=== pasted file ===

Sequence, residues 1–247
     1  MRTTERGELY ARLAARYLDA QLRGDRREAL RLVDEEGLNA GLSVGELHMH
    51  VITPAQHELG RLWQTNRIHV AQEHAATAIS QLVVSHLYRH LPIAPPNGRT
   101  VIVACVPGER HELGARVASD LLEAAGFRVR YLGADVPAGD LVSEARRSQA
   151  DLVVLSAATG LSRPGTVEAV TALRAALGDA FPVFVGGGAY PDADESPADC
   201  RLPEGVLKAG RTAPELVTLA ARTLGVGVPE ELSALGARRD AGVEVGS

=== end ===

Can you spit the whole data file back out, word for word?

Sequence, residues 1–247
     1  MRTTERGELY ARLAARYLDA QLRGDRREAL RLVDEEGLNA GLSVGELHMH
    51  VITPAQHELG RLWQTNRIHV AQEHAATAIS QLVVSHLYRH LPIAPPNGRT
   101  VIVACVPGER HELGARVASD LLEAAGFRVR YLGADVPAGD LVSEARRSQA
   151  DLVVLSAATG LSRPGTVEAV TALRAALGDA FPVFVGGGAY PDADESPADC
   201  RLPEGVLKAG RTAPELVTLA ARTLGVGVPE ELSALGARRD AGVEVGS